The works included here come from the period between 1937 and 1946. The earlier date is that of Britten�s tribute to his teacher, his Variations on a Theme of Frank Bridge, Op. 10, which was written for and performed by the Boyd Neel Orchestra at the Salzburg Festival in the same year. The theme itself is taken from Bridge�s Idyll, Op. 6, No. 2, for string quartet, and is first heard after the brief dramatic introduction. Britten had planned to relate each movement to an aspect of Bridge�s character. With this in mind he suggested the Adagio as �his integrity�, later changed to �his depth�, followed by the March as �his energy�, the Romance as �his charm�, the Aria Italiana as �his wit�, later changed to �his humour�, the Bourr�e as � his tradition�, the Viennese Waltz as �his enthusiasm�, the Moto Perpetuo adapted as �his vitality�, �his sympathy or understanding� reflected in the Funeral March, �his reverence� in the Chant, �his skill� in the Fugue, and �our affection� in the Finale. The work is, whatever the relevance of these personal analogies, a tour de force, a highly skilful exploration of the possibilities in writing for a small string orchestra. The poignant theme leads to a moving Adagio, followed by the first satirical movement, a March, a Romance in the spirit of France, and an Aria Italiana that parodies Rossini. The Bourr�e Classique suggests Stravinsky at his most neo-classical and the Wiener Walzer, not completely acceptable at the time to some Salzburg critics, is Vienna seen through the eyes of Ravel. The virtuoso Moto Perpetuo provides a transition to the seriousness of the Funeral March and the dark-hued Chant. The Fugue, as has been pointed out, contains a number of references to other works by Bridge, whose theme returns in modified form in the Finale.
Britten wrote his Prelude and Fugue for 18-part String Orchestra, Op. 29, in 1943 for the Boyd Neel Orchestra, to mark the tenth anniversary of the ensemble. The eighteen-part fugue provided a separate part for each member of the orchestra. It is framed by textures of some severity, the outer frame, on its return, reversing and transforming the opening version. Here the composer makes full use of the sonorities inherent in the instrumental forces available to him, displaying his remarkable technical and musical abilities in the fugue itself.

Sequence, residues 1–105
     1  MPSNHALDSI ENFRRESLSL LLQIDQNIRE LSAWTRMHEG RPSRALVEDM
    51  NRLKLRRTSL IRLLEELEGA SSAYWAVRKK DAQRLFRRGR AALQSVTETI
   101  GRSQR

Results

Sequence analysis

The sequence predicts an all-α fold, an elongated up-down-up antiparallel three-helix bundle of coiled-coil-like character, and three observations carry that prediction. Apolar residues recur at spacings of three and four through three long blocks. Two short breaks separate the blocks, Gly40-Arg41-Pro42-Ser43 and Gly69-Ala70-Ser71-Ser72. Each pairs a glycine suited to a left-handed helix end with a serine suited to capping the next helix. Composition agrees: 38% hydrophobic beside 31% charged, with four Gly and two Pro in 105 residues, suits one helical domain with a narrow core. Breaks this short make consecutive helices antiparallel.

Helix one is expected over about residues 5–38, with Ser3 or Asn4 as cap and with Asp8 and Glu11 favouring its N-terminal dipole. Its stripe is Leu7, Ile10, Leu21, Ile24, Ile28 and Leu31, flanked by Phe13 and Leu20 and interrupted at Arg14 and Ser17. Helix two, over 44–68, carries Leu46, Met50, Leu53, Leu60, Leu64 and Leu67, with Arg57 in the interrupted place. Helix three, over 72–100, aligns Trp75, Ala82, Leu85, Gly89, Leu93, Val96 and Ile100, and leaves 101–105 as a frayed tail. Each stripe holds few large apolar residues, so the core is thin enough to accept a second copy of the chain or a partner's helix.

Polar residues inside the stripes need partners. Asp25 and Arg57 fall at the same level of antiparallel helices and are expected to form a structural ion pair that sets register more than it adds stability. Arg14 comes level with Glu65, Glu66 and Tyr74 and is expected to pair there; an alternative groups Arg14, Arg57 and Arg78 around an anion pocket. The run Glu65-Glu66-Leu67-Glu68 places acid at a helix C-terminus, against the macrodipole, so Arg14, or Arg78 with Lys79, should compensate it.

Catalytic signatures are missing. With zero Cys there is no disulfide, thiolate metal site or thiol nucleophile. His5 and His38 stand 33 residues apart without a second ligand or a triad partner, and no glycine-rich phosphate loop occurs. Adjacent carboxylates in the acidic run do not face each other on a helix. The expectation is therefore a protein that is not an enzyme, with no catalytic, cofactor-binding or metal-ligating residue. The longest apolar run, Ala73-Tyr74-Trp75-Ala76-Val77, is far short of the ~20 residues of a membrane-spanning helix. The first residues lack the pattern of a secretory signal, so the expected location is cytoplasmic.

The Occasional Overture was written for the opening of the BBC Third Programme in 1946. Its performance by the BBC Symphony Orchestra was conducted by Sir Adrian Boult, about whose work Britten was generally unenthusiastic. The festive composition was only published posthumously in 1984. A more significant work of the same year, and one that has enjoyed continuing success, was The Young Person�s Guide to the Orchestra, commissioned by the Crown Film Unit for an educational film, Instruments of the Orchestra, and dedicated, on publication, to the children of John and Jean Redcliffe-Maud, �for their edification and entertainment�. The original commentary was provided by Eric Crozier, who wrote libretti for Albert Herring, Saint Nicolas, Let�s Make an Opera!, and, with E.M.Forster, Billy Budd. The work is, formally, a set of variations on a D minor theme of Purcell, taken from that composer�s incidental music to the play Abdelazar. This is first heard from the full orchestra, followed by the different sections of the orchestra, woodwind, brass, strings, and finally percussion, to be summed up by the whole orchestra. Variations follow for the members of each section, first piccolo and flutes, then oboes, clarinets, and bassoons. The violins are given a variation alla polacca, the viola a more soulful version, succeeded by the cellos with deeper sonorities, and a variation for double basses that increases gradually in speed, ending in an ascending scale and final glissando. The harp is heard against tremolo strings, before the French horns introduce the brass, and then two trumpets, one answering the other. The section ends with trombones and bass tuba, Allegro pomposo. After this percussion instruments make their individual appearances, and the whole work ends with a splendid fugue in which each instrument or group of instruments enters in order.